Projected 2012 WAR (Fangraphs): 1.0
The other trade for a major-league player. After losing out on various free agent outfielders, the Indians elected to go the trade route. Cunningham was out of options, but had a decent minor-league history. He was ranked in Baseball America's Top 100 prospects before the 2009 season, but just hadn't been able to make the jump to the majors, struggling in short major-league stints from 2008-2011 with San Diego. The key factors in the Indians acquiring him was that Cunningham could play center field as well as bat right-handed. He would be the backup option in case Grady Sizemore got hurt or Michael Brantley struggled at the plate.
To get Cunningham, the Indians dove into its high-level minor-league relief depth again, trading RHP Cory Burns, who was coming off a very good season in Akron. He was the Aeros' closer in 2011, and finished up with 35 shiny saves. Burns owed more of his success due to a funky delivery than stuff, as you can see from Burns' major-league debut this year:
Projected 2012 WAR (Fangraphs): 1.4
Of the three minor-league relievers traded last winter, IMO the best of the bunch was dealt a player that wouldn't pitch for the Indians in 2012. Kevin Slowey had been dealt earlier that winter from the Minnesota Twins, and the Indians, who had had their eye on Slowey for quite a while, almost immediately started asking about him after he landed with the Rockies. The Indians had just found out about Fausto Carmona's identity problems, and although they mentioned that they would have acquired Slowey regardless of whether Carmona was clear to enter the US or not, the news had to at least push them a bit in favor of making the trade.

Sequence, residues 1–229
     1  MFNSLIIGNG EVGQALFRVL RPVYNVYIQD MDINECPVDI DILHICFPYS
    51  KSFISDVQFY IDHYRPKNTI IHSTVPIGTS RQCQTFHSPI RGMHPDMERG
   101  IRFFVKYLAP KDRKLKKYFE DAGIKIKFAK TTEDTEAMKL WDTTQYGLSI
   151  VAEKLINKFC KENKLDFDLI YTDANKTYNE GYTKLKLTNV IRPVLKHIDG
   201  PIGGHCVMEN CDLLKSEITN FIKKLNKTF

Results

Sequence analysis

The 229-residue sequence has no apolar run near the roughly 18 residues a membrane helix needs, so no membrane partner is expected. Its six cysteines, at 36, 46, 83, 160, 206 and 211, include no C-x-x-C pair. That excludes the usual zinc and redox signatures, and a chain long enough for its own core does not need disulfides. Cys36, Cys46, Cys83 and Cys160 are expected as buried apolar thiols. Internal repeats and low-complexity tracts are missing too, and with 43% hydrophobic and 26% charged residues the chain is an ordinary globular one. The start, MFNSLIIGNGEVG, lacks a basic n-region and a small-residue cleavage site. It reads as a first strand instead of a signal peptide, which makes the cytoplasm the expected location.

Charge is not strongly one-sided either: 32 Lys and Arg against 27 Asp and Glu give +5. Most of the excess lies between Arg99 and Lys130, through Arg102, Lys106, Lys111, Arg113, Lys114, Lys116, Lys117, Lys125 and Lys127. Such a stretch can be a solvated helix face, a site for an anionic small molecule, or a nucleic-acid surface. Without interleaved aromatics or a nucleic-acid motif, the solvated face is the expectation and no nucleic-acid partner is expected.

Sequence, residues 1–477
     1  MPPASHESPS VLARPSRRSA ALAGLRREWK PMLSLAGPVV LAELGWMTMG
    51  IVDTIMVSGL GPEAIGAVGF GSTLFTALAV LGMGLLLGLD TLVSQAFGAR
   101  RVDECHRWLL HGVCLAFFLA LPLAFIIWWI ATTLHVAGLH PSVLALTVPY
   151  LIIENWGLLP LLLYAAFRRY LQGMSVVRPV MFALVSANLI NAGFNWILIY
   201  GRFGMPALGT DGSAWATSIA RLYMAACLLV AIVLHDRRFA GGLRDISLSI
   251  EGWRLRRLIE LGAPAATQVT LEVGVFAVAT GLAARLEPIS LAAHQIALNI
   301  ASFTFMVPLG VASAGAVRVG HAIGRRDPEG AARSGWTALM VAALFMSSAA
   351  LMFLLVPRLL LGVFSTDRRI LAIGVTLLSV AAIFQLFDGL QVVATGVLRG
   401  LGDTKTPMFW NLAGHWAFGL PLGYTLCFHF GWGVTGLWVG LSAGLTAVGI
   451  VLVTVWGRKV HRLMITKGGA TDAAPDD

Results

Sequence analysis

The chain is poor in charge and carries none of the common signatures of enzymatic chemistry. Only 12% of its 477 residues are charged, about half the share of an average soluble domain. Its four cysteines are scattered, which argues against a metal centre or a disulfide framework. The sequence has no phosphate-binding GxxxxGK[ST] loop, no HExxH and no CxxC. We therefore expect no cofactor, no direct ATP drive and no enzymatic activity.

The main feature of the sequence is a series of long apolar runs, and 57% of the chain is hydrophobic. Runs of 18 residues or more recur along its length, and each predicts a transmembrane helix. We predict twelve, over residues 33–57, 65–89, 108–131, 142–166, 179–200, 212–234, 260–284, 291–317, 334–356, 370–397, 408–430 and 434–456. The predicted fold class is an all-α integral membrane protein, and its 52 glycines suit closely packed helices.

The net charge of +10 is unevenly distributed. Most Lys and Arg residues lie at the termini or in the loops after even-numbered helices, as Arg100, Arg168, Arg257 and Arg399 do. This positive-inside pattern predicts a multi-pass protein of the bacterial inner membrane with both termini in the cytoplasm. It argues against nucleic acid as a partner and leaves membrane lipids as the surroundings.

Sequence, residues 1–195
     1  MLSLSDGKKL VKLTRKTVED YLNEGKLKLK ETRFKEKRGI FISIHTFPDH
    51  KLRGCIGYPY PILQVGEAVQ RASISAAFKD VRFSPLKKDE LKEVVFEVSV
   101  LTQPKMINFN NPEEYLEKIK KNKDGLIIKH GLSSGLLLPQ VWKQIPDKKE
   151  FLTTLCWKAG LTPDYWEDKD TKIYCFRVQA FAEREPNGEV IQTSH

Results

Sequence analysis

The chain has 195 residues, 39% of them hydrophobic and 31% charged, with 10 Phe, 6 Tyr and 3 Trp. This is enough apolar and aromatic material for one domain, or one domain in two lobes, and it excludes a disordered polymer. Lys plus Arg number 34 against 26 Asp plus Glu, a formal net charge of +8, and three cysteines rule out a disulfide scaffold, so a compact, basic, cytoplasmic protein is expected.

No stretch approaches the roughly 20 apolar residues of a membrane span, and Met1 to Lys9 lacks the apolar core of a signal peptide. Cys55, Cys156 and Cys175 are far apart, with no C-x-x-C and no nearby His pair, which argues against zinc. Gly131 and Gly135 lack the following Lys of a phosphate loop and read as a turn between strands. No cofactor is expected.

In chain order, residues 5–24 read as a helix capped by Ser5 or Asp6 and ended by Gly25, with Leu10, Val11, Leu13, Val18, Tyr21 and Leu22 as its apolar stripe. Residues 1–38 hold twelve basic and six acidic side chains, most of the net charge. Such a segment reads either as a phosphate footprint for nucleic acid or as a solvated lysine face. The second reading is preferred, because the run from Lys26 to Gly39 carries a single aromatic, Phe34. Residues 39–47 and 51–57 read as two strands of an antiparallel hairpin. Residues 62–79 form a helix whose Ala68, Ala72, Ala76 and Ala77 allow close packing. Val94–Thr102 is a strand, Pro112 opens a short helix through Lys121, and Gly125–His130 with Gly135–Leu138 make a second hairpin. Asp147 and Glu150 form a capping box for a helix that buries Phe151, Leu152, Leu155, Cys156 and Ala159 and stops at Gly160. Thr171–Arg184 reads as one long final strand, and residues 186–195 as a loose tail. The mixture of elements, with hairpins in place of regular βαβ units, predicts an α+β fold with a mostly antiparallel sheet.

Colorado would end up paying $1.25M of Slowey's $2.75M salary, so in exchange for that, the Indians sent the Rockies a better prospect than they otherwise would have. Zach Putnam was ranked fairly high as a prospect in the organization, and he'd spent some time in Cleveland the year before. His strikeout rates weren't what you'd expect of a reliever, but his repertoire led to a lot of ground balls. Putnam spent most of 2011 in Columbus, with a few appearances in Cleveland, and was on the cusp of making a major-league team. But the Indians, again, had some depth here, and used Putnam to help improve the depth at another position.
The Indians had been looking all winter long for a corner bat who also hit right-handed, and finally at the end of the winter they acquired one. Well, sort of. Canzler had mashed at the AAA level the past two seasons, but he didn't really have a position (first base was his best position by default) and the strikeout rates in the minors combined to consign him in the minds of many organizations as a AAAA guy.
But, given the cost (undisclosed amount of cash) and the fact that the Indians still hadn't acquired a first baseman made the deal almost a no-brainer. The Indians would however sign Casey Kotchman, which pushed both LaPorta and Canzler to AAA, where both would spend most of the 2012 season.
2-21-2012: Traded LHP Kelvin De la Cruz to the Texas Rangers for Cash
This is here for completion's sake. Lord Kelvin would end up in the Detroit organization, and he'd spend all of 2012 in AA Erie.
So here's what the roster looked like after the trades and free agency:
I'll probably do one more segment, which will cover arbitration, and then call it a series.